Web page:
William Safire popularized the phrase “if by whiskey…” in his columns, and defined it in his Political Dictionary as, “Taking both sides of an issue; equivocating; a political straddle”. The term originates from a speech given by Soggy Sweat, a 1950s Mississippi legislator, master of irony, and a real character to boot:
I had not intended to discuss this controversial subject at this particular time. However, I want you to know that I do not shun controversy. On the contrary, I will take a stand on any issue at any time, regardless of how fraught with controversy it might be. You have asked me how I feel about whiskey. All right, here is how I feel about whiskey.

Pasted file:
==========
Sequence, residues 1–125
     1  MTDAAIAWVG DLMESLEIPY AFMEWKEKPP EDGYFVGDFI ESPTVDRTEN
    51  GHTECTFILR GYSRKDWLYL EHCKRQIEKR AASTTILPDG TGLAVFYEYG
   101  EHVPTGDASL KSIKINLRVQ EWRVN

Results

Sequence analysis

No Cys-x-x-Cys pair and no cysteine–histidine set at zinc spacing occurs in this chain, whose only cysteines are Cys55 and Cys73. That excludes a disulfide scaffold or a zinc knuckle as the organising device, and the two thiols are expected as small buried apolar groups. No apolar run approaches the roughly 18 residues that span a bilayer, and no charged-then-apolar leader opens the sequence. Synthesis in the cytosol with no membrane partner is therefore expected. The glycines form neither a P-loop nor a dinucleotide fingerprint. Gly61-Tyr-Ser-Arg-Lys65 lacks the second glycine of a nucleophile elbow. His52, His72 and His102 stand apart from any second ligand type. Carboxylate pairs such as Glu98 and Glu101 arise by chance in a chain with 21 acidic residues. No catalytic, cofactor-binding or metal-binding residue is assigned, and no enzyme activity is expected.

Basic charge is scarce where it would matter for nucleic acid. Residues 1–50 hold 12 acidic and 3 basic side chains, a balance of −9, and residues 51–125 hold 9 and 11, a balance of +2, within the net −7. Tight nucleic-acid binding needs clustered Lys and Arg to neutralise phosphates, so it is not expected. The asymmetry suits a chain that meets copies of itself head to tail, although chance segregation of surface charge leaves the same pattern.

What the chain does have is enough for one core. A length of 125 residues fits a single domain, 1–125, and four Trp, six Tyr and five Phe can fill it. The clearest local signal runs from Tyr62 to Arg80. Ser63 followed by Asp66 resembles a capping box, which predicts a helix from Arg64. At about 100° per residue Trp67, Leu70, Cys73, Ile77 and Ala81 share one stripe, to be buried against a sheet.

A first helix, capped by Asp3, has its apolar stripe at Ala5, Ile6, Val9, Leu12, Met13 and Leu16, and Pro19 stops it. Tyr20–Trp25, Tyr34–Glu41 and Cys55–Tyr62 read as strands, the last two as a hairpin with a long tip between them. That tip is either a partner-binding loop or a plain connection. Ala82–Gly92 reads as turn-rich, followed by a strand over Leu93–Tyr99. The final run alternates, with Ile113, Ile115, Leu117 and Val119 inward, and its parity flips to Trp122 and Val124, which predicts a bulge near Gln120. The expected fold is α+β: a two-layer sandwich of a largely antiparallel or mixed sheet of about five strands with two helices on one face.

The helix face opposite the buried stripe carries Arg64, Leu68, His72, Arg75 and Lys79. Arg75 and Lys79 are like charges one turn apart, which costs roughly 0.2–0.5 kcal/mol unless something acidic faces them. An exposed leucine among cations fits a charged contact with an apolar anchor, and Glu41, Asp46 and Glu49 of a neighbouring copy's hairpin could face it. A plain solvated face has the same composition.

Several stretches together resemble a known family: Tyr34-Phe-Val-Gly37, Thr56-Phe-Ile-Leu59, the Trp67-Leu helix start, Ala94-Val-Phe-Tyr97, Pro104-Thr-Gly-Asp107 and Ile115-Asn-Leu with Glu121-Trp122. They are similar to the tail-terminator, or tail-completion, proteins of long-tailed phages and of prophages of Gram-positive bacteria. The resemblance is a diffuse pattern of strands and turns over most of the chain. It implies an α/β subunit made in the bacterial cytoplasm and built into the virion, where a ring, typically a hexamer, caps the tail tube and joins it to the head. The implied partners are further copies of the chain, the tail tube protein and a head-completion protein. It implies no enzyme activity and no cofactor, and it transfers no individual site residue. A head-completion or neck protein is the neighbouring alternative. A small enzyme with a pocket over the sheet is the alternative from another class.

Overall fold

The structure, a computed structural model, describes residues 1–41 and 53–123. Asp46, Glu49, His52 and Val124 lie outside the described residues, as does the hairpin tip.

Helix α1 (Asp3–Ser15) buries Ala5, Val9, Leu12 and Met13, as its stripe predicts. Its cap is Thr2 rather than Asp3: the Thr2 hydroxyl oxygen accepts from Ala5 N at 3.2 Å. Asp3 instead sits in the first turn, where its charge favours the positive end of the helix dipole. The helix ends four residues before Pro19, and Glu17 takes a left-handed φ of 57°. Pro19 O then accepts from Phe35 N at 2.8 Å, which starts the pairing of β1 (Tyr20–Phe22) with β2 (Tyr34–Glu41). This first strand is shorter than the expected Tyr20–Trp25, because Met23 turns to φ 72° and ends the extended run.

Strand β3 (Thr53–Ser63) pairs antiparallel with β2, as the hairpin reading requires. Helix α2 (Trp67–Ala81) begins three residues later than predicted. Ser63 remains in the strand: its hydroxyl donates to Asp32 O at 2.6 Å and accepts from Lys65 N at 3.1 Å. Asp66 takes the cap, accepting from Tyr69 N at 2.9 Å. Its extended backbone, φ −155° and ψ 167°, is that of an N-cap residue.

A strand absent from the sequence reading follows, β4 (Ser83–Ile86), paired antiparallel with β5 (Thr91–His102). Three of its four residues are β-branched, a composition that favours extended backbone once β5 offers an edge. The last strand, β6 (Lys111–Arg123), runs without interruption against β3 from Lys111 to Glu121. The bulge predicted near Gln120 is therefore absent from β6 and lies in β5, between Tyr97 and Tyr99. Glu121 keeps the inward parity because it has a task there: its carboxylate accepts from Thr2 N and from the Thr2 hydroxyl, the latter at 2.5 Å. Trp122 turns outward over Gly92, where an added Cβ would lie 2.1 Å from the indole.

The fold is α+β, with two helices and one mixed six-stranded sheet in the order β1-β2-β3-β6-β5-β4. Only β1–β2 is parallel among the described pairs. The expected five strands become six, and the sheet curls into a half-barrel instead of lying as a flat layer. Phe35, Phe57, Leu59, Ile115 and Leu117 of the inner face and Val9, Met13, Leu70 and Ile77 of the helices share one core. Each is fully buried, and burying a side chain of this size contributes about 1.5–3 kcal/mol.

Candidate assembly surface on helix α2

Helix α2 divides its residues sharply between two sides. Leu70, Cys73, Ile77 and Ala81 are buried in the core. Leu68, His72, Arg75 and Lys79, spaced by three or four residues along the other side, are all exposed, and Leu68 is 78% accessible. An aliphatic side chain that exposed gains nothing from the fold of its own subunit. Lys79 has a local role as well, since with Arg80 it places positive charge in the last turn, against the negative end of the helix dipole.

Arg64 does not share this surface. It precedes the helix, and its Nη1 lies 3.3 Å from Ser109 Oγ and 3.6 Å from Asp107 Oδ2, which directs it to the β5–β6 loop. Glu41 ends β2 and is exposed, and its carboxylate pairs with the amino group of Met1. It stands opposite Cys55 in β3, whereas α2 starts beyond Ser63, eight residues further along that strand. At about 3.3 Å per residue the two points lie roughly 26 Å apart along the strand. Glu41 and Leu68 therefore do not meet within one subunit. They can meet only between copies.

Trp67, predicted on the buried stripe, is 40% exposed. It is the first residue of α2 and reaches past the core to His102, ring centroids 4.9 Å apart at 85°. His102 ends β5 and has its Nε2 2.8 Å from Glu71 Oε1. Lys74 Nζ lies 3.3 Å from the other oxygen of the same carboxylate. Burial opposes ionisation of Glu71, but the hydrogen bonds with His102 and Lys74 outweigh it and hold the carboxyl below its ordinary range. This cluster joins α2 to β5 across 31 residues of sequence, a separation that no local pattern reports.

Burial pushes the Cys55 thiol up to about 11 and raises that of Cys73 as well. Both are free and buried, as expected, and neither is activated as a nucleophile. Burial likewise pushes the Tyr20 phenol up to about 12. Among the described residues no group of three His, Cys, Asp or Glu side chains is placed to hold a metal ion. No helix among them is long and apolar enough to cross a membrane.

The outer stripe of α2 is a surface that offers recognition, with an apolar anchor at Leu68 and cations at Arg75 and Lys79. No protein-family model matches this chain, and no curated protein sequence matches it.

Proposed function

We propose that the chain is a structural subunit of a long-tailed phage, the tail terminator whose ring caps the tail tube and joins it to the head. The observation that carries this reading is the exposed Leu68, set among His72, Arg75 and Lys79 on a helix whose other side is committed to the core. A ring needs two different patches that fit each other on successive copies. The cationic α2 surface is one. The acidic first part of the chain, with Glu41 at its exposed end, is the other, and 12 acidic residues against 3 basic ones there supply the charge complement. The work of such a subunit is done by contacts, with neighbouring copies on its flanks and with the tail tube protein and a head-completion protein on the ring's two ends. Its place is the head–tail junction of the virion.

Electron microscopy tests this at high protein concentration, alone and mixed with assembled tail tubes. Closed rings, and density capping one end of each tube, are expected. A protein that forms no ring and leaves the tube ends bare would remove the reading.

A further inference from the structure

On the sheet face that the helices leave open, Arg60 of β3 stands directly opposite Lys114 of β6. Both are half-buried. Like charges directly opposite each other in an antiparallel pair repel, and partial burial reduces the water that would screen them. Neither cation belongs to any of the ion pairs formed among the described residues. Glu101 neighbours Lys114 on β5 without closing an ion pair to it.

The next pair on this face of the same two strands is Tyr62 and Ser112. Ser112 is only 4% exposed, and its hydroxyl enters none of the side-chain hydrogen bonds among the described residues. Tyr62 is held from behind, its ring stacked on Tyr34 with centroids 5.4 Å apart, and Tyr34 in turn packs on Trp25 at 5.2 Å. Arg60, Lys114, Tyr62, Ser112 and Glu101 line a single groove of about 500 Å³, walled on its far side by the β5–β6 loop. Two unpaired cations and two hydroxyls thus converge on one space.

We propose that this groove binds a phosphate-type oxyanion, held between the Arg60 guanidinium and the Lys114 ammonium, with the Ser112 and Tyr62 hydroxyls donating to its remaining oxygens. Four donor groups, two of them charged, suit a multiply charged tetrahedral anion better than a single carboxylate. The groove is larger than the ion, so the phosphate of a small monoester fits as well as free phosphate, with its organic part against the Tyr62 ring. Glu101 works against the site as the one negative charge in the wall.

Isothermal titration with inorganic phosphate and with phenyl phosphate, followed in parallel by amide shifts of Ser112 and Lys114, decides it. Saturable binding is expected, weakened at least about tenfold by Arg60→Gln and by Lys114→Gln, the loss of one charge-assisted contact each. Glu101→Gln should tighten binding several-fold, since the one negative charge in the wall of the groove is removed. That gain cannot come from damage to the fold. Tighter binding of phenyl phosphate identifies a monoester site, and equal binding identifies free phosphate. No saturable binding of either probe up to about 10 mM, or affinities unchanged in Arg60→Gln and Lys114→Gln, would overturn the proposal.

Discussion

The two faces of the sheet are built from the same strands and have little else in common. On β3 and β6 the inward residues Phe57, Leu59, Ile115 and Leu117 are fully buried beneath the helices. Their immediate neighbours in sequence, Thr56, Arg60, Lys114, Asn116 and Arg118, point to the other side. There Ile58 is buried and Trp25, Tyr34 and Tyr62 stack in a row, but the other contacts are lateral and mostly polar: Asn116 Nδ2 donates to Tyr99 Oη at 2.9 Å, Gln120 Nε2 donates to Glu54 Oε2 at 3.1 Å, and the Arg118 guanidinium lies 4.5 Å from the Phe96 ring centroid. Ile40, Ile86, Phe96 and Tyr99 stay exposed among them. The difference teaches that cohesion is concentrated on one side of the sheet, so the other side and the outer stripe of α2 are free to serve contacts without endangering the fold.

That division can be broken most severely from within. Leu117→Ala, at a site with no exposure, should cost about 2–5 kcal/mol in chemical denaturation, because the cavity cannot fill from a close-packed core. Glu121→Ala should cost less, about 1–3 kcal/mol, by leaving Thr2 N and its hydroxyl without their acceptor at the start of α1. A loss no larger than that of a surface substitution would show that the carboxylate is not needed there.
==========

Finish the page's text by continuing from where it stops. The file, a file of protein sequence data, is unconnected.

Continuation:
A little context: Mississippians staggered to the polls and voted dry until 1966, when they finally became residents of the last state to decriminalize the sale of alcohol. The topic of banning/regulating/allowing alcohol was present for every politician in every campaign, and surprise, surprise, most made a habit of supporting whichever position the listener wanted to hear. For example, a group of teetotalling nuns would be told something like the next part of Soggy’s speech: